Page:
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Kidney disease 

Kidney disease
Chapter:
Kidney disease
Author(s):

Kate Wiles

, Kate Bramham

, and Catherine Nelson-Piercy

DOI:
10.1093/med/9780198713333.003.0044
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date: 05 December 2020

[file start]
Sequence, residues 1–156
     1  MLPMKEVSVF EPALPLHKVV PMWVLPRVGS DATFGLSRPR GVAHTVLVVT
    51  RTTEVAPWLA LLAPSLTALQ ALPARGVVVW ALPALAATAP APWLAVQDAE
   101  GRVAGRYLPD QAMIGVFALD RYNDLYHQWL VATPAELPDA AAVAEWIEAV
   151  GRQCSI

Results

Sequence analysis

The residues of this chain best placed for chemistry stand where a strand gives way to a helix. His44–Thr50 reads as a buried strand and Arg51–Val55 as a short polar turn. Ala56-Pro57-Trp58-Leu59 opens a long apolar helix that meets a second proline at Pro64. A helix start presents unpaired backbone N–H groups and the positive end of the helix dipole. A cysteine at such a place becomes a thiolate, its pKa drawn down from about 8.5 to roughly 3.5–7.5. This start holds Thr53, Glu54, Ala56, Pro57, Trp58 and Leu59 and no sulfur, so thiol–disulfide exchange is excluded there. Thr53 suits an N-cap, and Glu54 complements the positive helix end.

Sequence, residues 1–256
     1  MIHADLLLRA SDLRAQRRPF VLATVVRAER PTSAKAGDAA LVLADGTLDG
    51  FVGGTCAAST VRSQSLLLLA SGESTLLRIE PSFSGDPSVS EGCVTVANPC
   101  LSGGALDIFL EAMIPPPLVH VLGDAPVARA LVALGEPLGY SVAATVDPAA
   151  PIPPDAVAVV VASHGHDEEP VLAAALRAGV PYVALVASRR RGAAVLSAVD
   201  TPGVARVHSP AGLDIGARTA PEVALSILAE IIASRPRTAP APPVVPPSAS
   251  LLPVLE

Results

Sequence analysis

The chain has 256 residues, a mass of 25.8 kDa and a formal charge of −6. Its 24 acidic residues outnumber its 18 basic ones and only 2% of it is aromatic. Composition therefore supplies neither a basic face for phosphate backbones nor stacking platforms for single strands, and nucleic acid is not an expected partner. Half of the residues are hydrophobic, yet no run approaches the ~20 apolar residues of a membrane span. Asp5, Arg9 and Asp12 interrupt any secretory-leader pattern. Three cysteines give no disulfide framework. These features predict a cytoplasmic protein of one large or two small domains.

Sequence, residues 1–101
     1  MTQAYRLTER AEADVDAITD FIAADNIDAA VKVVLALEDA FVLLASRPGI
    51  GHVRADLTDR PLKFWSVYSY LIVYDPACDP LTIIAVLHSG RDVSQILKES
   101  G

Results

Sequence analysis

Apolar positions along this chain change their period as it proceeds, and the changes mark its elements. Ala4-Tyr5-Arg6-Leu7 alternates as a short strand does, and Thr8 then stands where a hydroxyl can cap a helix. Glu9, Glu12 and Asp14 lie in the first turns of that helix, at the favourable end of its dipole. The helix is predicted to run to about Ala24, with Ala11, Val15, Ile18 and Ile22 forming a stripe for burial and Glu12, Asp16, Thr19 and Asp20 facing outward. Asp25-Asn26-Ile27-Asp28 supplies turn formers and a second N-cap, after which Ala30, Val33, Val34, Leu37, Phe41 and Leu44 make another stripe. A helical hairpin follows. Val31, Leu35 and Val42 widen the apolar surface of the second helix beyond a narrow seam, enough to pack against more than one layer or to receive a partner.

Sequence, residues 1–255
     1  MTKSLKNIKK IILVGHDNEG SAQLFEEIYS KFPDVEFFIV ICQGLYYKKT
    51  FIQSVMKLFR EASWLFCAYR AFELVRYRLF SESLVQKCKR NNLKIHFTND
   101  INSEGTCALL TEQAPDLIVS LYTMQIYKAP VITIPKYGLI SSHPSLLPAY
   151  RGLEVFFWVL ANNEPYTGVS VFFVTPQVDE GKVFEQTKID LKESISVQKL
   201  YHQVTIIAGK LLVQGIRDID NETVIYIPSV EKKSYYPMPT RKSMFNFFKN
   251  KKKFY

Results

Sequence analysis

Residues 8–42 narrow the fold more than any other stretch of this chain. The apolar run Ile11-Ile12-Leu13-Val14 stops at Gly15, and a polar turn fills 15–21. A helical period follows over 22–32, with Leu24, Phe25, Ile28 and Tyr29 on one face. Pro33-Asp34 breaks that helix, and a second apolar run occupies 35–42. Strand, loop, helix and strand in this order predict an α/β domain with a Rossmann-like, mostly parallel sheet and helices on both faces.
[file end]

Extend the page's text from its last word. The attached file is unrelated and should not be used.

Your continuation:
This chapter describes the physiological adaptations to pregnancy in women with and without renal disease, reports pregnancy outcomes in women with both acute kidney injury and chronic kidney disease, and discusses a management strategy for antenatal and peripartum care. Acute kidney injury (AKI) is difficult to define in pregnancy because of the physiological increase in glomerular filtration. A normal creatinine can mask renal injury in pregnancy. This chapter considers important causes of AKI in pregnancy including pre-eclampsia, HELLP syndrome, thrombotic microangiopathy, acute fatty liver of pregnancy, systemic lupus erythematosus, urinary tract infection, and obstruction. The trend in the developed world for delaying pregnancy and the increasing prevalence of obesity mean that greater numbers of pregnancies will be complicated by chronic kidney disease. Maternal and fetal complications increase with worsening prepregnancy renal function including the development of pre-eclampsia, fetal growth restriction, premature delivery, and fetal loss. Prepregnancy counselling and the intrapartum management for women with lupus nephritis, immunoglobulin A nephropathy, polycystic kidney disease, and diabetic nephropathy are discussed. Renal replacement therapies in pregnancy including both dialysis and renal transplantation are considered, and practical guidance on renal biopsy, anaesthesia, and the pharmacology of renal disease in pregnancy is offered.

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